Inside Rabbit Creek Community Church, Sen. Cathy Giessel, R-Anchorage, told eight mostly pro-tax change attendees the current oil and gas tax structure, called ACES, is costing jobs and investment.
Reiterating what producers told Senate Finance committee members Tuesday, Giessel said continuing North Slope oil production decline means those consequences will continue if lawmakers fail to approve tax cuts.
“At the six percent decline we're at right now, we're decreasing throughput at 41,000 barrels a day,” Giessel says.
“Seems difficult for me to say all is well when there's a six percent or more reduction per year,” a constituent named Chris told Giessel. “That seems counter intuitive. Almost like taxing at a higher rate, is better than a lower rate. Which actually stimulates revenue. They miss the point.”
Gov. Sean Parnell, R-Alaska, said last week House legislation, passed last year though House Bill 110, accomplishes real change, putting at least $14 billion in producer commitments on the table.
However, the Senate Majority, ruled by a coalition of both Republicans and Democrats, has created contention. The Senate Finance Committee is currently considering the much different Senate Bill 192, which primarily proposes reducing tax surcharges called progressivity.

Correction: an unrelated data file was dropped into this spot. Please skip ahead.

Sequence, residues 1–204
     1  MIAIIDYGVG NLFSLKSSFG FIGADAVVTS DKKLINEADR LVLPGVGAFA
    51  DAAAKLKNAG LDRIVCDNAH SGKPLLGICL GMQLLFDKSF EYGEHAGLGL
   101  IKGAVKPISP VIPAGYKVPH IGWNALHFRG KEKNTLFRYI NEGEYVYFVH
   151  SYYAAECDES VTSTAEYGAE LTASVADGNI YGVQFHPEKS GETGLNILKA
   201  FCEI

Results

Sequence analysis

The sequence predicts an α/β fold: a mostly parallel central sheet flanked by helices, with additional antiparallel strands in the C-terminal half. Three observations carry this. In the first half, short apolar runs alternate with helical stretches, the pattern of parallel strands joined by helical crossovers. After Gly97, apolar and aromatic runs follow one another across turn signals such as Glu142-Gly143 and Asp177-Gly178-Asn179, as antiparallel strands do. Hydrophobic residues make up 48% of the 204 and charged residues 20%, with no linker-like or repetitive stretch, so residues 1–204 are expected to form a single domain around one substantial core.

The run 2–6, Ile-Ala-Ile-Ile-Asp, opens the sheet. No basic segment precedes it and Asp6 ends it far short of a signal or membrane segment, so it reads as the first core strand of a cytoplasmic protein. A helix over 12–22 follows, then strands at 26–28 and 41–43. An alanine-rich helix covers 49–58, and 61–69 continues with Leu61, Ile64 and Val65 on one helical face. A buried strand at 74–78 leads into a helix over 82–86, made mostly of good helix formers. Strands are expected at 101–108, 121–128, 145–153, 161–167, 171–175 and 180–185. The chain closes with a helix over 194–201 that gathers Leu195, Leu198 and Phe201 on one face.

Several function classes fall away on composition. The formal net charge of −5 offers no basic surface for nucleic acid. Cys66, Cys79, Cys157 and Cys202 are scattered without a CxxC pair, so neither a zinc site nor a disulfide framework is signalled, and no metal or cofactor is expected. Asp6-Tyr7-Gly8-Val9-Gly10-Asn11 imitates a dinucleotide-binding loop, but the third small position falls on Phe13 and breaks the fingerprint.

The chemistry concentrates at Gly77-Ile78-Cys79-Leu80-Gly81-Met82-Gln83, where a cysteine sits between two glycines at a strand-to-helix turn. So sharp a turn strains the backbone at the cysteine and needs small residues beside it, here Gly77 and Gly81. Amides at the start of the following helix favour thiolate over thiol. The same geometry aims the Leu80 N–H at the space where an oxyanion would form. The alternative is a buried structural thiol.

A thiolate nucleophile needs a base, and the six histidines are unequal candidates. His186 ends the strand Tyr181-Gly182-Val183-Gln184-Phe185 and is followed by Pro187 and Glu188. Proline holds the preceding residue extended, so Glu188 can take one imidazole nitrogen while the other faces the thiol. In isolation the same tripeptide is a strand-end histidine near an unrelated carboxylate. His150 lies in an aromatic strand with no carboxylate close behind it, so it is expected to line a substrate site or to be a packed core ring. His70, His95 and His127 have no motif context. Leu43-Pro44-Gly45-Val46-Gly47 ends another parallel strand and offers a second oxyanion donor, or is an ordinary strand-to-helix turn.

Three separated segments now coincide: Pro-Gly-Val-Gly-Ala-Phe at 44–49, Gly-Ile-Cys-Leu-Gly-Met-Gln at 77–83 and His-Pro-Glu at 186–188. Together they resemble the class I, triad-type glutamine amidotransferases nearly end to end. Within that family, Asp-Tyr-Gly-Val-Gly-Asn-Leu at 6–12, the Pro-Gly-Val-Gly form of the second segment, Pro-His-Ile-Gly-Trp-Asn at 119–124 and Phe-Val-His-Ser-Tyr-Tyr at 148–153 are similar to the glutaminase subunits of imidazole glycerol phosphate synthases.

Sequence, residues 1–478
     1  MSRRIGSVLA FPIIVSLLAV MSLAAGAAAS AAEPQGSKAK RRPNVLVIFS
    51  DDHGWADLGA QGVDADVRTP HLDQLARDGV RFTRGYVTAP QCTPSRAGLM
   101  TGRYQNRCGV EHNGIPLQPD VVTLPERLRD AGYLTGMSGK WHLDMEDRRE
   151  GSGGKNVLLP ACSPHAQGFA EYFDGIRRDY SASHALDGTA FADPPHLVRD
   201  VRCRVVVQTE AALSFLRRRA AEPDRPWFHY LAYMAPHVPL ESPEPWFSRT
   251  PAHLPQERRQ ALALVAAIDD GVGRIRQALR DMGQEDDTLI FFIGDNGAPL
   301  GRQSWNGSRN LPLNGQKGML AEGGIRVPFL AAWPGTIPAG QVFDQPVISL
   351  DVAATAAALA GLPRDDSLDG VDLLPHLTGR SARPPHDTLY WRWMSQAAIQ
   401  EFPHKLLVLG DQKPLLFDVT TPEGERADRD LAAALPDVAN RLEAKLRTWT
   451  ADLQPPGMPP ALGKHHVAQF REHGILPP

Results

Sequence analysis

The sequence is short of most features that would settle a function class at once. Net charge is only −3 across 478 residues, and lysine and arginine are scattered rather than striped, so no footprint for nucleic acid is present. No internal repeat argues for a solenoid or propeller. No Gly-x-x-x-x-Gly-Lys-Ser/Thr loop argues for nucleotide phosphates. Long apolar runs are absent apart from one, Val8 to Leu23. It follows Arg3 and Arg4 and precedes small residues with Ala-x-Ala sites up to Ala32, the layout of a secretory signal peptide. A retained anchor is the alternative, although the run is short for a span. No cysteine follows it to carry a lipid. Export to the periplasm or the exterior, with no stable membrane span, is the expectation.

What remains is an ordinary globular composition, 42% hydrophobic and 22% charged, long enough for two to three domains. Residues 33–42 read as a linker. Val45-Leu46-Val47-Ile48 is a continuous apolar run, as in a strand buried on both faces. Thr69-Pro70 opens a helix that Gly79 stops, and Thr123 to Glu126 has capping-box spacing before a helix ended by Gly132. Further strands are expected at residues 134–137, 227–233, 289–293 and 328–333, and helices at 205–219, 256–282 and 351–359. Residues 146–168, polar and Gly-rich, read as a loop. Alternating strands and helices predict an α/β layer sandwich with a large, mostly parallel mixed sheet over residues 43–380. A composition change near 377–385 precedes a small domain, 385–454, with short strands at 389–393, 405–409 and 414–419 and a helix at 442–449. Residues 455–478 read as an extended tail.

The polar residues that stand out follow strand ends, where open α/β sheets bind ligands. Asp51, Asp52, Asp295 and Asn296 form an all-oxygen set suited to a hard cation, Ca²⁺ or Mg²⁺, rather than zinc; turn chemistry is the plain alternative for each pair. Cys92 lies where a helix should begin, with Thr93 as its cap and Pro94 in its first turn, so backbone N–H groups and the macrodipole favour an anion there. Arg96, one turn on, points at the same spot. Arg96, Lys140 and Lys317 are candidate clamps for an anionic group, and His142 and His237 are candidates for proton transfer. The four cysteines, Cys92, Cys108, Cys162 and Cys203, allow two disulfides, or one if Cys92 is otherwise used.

Under ACES, when the price of oil rises above $30 per-barrel, taxes increase 0.4 percent for every $1 increase. Once the state takes 75 percent of a producer’s profit, that tax is capped. SB192 proposes lowering that tax rate to 0.35 percent and that tax cap to 60 percent.
Part of the Senate Minority, Giessel, like Parnell, has said SB192 does not go far enough; worrying about what happens if oil taxes, paying for about 90 percent of state government, suddenly disappear.
“If we were to tax for the budget today, it would be $17,000 for every man, woman and child,” Giessel told her constituents.
But it was a much different story down the road, inside midtown Anchorage’s Romig Middle School. Part of the Senate Majority, Sen. Hollis French, D-Anchorage, one of the legislature’s strongest ACES allies, was surrounded by upwards of 100 constituents.
“I'm kind of hearing them say hold the line,” French said. “That the oil industry will just take, take, take. And so we need to be tough negotiators from our side.”
Citing a study he commissioned, which reportedly polled 500 Alaskans, French says he is not convinced ACES is doing the damage opponents claim.
“50% said they (taxes) were too low or about right,” French said. “And only 30% thought they were too high."
With only 20 days left, the full Senate has yet to vote on SB192, which then must be considered by the House Finance Committee before being sent to the House floor. The legislative session ends April 15th.